Michael Ella: I always look back at things that I’ve struggled with in my personal life or at work. It’s always things you don’t understand.  What most people do is go to the things they know well. For owners, that’s running their business. They really understand it, they get it, they’ve been doing it for a long period of time. What they don’t understand necessarily is how to transition a business or how to build the value? And we’re not talking necessarily about the value in the owner’s perspective, but it’s from an outsider’s perspective. You’re eventually going to want to transition that value to your family or someone else, maybe your employees through an ESOP. The first step is educating them on it, because if you don’t know anything about it, then it’s likely you’re not going to do it without understanding the benefit. When we first get to know clients or start meeting prospective clients, we educate them on what value optimization is and how it can be beneficial to them. A lot of the times it’s getting them to see why doing nothing can be detrimental to their personal life, to their business, to their employees and to their family. People are counting on the owners and what they do with the business. Either to them or their employees, keeping that business going is key for them having a successful career. Education’s the key, getting them to understand that it’s a comprehensive plan. It takes time to implement. When you take the time to implement it, that’s what really takes the stress out. Take the time to de-risk, which is bad terminology but it’s the one that we use to say that de-risking isn’t necessarily from an owner’s perspective, but an outsider’s perspective.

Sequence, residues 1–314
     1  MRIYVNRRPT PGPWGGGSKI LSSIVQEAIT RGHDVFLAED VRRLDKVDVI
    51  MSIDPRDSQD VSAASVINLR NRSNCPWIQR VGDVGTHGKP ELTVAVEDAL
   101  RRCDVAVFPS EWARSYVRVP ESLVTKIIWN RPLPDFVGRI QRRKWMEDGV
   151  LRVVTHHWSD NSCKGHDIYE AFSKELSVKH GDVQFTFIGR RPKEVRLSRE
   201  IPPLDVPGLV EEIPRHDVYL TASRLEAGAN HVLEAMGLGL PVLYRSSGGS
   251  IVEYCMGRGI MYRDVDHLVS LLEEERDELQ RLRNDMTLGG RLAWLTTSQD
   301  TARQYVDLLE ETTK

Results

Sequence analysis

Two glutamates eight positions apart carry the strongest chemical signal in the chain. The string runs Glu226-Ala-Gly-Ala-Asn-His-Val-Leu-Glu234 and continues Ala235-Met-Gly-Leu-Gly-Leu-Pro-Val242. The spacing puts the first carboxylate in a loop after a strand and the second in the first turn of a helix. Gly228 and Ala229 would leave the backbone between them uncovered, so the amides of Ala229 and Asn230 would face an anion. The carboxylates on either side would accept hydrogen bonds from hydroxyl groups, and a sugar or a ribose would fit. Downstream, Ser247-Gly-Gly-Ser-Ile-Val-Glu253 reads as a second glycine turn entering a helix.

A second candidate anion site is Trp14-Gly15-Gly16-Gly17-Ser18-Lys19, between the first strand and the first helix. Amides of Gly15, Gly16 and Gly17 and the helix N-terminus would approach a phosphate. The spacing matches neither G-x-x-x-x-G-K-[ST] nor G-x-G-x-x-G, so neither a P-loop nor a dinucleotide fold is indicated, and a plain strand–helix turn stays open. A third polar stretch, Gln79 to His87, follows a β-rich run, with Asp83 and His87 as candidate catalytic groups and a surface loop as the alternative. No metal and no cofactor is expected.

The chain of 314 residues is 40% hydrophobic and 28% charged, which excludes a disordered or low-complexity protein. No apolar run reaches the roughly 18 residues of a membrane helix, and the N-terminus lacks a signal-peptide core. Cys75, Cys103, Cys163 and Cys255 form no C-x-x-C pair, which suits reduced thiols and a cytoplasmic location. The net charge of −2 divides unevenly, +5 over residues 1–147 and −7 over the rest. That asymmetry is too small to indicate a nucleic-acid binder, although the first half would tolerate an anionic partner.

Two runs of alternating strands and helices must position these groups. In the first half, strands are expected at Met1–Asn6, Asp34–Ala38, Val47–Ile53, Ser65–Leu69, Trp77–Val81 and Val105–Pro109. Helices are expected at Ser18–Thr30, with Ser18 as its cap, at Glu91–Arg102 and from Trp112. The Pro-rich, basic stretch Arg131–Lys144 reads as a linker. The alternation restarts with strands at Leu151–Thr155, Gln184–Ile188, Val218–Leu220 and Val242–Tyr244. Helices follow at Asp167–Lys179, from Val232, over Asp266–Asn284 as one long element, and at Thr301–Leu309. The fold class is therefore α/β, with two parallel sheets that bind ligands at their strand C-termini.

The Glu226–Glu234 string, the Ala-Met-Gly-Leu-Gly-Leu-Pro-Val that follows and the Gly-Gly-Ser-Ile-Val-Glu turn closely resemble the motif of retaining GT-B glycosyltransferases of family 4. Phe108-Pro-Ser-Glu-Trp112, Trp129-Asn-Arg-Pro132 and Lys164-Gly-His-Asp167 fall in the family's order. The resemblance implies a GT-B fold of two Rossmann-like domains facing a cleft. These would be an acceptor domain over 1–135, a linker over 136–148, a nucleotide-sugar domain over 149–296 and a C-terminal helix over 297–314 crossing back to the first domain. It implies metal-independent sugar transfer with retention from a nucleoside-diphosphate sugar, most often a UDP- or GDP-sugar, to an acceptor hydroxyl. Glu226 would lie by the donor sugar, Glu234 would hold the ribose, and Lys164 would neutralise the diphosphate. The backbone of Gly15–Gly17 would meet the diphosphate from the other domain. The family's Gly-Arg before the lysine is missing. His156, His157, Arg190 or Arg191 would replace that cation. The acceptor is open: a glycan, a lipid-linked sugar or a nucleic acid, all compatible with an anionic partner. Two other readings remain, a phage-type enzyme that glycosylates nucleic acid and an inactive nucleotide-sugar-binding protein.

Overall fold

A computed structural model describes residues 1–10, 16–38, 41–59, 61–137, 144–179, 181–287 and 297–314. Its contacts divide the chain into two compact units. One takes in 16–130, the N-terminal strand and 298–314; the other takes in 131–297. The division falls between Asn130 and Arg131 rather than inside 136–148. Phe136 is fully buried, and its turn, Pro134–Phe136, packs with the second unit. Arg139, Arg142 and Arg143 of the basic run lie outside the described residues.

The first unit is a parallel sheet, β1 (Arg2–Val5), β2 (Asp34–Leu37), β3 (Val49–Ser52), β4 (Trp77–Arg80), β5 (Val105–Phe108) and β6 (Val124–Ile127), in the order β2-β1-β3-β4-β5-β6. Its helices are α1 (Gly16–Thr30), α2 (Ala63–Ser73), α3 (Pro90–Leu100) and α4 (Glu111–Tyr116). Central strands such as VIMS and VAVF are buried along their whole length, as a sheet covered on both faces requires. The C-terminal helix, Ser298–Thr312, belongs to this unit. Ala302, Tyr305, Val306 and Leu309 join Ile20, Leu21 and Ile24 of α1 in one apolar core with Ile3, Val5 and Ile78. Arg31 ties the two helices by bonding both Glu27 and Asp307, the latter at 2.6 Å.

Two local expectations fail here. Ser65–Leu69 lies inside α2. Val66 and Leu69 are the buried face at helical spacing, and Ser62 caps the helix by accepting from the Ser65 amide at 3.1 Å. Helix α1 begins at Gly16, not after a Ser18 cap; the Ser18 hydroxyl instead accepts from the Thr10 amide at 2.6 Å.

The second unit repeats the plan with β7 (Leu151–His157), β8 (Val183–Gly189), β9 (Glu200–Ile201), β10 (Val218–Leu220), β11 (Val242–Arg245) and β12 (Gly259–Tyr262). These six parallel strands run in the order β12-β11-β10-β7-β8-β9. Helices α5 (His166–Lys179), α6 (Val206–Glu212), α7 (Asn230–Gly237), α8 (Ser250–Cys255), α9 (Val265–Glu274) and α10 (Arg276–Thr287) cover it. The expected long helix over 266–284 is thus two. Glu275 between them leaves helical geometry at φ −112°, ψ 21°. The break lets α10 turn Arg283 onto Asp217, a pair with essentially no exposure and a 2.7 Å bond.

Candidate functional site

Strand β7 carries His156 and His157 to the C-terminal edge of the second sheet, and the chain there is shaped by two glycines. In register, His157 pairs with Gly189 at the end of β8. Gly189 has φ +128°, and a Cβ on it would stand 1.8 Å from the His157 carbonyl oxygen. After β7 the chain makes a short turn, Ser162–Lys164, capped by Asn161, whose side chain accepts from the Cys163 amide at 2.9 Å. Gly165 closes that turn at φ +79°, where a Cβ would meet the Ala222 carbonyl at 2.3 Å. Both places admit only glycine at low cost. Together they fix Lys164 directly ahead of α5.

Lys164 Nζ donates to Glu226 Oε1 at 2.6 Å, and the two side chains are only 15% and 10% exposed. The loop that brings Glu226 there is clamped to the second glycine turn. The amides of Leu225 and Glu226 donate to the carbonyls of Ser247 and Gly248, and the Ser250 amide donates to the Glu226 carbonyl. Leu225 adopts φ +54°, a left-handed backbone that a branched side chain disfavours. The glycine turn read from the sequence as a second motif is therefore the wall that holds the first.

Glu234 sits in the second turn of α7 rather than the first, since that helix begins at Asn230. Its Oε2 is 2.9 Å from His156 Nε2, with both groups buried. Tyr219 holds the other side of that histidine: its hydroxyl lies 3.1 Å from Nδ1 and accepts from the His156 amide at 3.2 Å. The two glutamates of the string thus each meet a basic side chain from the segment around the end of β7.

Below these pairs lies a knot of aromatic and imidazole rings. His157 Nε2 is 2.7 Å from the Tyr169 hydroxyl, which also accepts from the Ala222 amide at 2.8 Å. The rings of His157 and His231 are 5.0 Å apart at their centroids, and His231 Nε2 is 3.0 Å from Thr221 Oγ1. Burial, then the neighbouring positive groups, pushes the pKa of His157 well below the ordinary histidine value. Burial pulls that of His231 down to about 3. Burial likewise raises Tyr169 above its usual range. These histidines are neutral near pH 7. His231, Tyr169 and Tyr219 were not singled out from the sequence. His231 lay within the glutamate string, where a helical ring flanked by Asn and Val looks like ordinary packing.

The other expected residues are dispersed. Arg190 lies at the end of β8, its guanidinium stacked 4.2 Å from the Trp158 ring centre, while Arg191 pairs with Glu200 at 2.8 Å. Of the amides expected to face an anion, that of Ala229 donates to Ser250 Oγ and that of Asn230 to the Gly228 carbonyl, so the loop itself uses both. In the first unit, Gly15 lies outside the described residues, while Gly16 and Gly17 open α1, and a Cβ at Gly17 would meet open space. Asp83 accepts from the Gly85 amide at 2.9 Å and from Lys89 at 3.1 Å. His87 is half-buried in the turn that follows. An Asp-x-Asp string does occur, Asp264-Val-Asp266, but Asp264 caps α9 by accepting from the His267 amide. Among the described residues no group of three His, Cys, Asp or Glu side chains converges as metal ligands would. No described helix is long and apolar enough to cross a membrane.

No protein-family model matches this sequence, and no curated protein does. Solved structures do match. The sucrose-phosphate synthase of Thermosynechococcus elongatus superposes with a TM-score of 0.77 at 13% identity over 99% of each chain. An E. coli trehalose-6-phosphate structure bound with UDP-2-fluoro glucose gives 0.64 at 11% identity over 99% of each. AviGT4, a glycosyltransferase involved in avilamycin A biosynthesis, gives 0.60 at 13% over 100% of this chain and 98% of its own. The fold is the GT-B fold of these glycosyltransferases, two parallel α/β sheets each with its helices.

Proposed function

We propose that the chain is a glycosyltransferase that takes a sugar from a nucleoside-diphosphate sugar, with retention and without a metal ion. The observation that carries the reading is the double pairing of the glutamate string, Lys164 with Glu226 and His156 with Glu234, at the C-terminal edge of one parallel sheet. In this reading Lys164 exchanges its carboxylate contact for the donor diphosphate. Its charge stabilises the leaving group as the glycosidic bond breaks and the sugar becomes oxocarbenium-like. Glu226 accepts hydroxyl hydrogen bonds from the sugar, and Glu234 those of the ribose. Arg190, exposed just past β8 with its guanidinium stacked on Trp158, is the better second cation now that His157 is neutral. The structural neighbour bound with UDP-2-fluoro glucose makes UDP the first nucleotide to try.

Kelly Borth: What exactly is a value advisor and what are value optimized strategies? How does your team help owners understand their current business value gap and how to close that gap so they can live life during business ownership and post-business ownership?